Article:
Detroit — The city is trying to lure expats back for major investment and Mayor Mike Duggan on Thursday announced it had landed a big one.

Fashion CEO Jeffry Aronsson has committed to providing a plan in February for a fashion hub and campus in Detroit. The location, both said, is not yet determined, but it’s expected to engage smaller city-based companies and “grow Detroit brands.”

“For me, this is a huge big circle coming back and an opportunity thanks to a visionary mayor. To take the sum total of a rather eclectic career and bring it home, this is a homecoming,” said Aronsson, who has been at the helm of major brands ranging from Donna Karan to Oscar de la Renta and Marc Jacobs. “I’m coming home to bring it to Detroit.”

Duggan unveiled the plan during a Thursday speech at the fourth Detroit Homecoming. The event, held at the Factory in Corktown, seeks to draw back successful former residents and spur investments.

This concept evolved from a meeting Duggan had with Aronsson in New York about bringing a new fashion, apparel and luxury sector to Detroit. Aronsson, whose family has roots in Corktown and ran a successful restaurant business, said whatever he could do to help Detroit, he would.

“One thing we need for Detroiters right now are job opportunities. Jobs that you have a high school degree, and you are willing to work hard and learn some new skills and raise your standard of living,” Duggan said. “The apparel industry has enormous potential.”

The idea is to grow the companies that have already started out and bring in more to lead to “good paying jobs,” which Duggan added is “what we need in Detroit.”

“Now we’ve got an apparel, fashion, luxury strategy, and we’re going to keep on trying to add different sectors of jobs in the city,” Duggan said.

Both Aronsson and Duggan said the concept includes a concentrated campus where multiple businesses would be located together. Figures on the anticipated investment and job creation are still being worked out.

Among the city-based companies Aronsson plans to partner with are Detroit Denim Co. and Detroit Vs Everybody, which is already part of his steering committee, he said.

Aronsson, who went to the University of Michigan and Wayne State University, currently is based in New York. He intends to add an additional residence in Detroit.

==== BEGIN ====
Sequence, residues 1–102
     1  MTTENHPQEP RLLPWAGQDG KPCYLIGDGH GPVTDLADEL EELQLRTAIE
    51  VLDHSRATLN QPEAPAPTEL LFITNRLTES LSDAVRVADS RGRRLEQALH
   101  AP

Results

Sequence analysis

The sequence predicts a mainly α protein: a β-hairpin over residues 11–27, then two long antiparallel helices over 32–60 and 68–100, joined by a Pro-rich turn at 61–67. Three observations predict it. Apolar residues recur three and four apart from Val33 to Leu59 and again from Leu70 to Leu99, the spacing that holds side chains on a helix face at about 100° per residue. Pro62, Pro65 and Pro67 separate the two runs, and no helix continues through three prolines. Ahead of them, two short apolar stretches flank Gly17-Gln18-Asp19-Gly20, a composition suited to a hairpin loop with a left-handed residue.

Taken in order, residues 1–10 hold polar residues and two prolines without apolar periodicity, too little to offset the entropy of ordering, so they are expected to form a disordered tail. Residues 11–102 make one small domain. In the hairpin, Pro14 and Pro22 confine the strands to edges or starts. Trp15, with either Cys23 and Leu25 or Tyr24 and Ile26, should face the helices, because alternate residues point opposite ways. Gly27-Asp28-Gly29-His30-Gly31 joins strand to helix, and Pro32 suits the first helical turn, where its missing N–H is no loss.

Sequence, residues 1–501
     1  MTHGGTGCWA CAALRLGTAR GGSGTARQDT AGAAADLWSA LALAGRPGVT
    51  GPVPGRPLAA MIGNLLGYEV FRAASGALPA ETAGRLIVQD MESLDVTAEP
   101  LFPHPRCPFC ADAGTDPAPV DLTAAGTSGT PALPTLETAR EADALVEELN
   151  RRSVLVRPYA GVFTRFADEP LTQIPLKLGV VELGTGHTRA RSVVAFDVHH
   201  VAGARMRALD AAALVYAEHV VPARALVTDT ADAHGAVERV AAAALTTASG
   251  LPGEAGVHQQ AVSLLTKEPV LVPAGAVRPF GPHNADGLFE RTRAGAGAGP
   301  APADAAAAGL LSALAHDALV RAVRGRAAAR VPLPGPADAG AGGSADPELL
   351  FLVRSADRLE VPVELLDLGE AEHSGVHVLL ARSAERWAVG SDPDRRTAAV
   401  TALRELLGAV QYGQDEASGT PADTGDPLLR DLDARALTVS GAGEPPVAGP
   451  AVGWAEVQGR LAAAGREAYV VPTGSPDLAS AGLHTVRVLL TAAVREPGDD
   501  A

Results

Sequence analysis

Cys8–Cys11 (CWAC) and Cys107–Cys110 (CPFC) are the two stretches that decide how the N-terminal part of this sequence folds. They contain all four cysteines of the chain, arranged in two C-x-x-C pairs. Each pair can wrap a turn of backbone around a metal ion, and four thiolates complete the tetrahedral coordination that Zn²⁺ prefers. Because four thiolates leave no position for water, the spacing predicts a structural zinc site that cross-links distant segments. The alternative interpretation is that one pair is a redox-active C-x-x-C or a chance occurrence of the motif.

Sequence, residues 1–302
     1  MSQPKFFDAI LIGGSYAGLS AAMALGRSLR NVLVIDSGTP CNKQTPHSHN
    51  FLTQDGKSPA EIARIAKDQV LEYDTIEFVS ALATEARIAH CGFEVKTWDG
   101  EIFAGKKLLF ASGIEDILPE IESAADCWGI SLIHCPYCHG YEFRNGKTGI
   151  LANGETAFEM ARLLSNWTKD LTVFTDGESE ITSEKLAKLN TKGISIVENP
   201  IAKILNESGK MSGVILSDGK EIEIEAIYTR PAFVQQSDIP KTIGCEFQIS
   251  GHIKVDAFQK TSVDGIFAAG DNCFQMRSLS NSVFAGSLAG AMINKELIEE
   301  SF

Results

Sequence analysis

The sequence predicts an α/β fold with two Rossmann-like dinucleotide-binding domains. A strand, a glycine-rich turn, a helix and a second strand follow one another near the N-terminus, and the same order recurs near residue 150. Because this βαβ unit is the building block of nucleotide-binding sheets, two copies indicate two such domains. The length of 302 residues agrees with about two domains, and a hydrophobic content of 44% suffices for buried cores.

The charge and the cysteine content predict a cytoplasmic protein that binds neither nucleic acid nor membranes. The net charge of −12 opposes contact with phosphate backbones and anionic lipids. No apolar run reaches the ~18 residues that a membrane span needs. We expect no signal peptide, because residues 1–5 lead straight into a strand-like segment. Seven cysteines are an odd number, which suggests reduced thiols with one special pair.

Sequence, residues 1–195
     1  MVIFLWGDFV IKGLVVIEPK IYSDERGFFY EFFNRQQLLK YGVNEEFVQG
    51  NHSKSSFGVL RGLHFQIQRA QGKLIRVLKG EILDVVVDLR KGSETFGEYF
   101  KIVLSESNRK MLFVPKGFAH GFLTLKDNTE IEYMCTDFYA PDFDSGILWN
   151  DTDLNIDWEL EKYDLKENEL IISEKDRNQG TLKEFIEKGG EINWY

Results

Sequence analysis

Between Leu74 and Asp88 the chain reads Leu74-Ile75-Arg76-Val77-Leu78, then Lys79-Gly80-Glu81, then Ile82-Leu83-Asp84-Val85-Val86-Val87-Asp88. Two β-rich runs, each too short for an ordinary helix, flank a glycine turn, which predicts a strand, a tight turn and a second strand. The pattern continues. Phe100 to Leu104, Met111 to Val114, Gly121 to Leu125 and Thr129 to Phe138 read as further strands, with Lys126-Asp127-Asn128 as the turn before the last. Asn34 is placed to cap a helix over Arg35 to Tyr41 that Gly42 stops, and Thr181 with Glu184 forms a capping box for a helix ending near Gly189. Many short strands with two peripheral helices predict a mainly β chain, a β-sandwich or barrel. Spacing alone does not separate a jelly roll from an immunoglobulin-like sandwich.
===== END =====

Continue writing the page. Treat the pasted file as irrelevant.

Separately, Duggan on Thursday talked about the competitive effort to get a proposal to Amazon, which is looking for a North American city to build its massive second headquarters. The deadline for submissions is Oct. 19.

Duggan said billionaire investor Dan Gilbert is leading the effort that’s engaging state and regional partners for a bid committee including Gov. Rick Snyder, Wayne County Executive Warren Evans, Oakland County Executive L. Brooks Patterson and others.

“We’ve got five weeks. We’re going to try and draw on all the talents across this community to put together a proposal,” Duggan told reporters after his address. “We’re up against really tough competition from really good cities.”

In his Thursday pitch to a crowd of expats, Duggan touted the implementation of 65,000 new LED streetlights, improved bus services, the demolition of blighted homes and some 5,000 additional housing units in the city.

The mayor also stressed the need for “intense” neighborhood and commercial redevelopment, reiterating his strategy for “20 minute neighborhoods” to provide nearby residents with close, walkable access to grocery stores and other amenities.

Duggan noted progress in several areas under Detroit’s Strategic Neighborhood Fund, a philanthropic partnership that aims to transform vacant homes, empty lots and storefronts. It’s now being expanded, he said, to seven additional areas.

The Thursday talk comes amid more positive news for the city: the latest U.S. Census Bureau figures were released, showing poverty went down last year in Detroit and incomes rose. The income increase was the first significant gain in the city since the 2000 census.

Duggan, however, said he knows there’s more work to do. Among the areas of concern are the city’s public schools. The mayor was hopeful about the district’s changing leadership and its programs to improve opportunities.

“If you look at where we’ve come in four years, we need the schools to make the same progress over the next four years,” he said.

This year’s homecoming kicked off Wednesday night and features more than 230 expatriates seeking to explore business opportunities in Detroit. More than $300 million has been invested in city projects and businesses since the program launched in 2014, organizers said.

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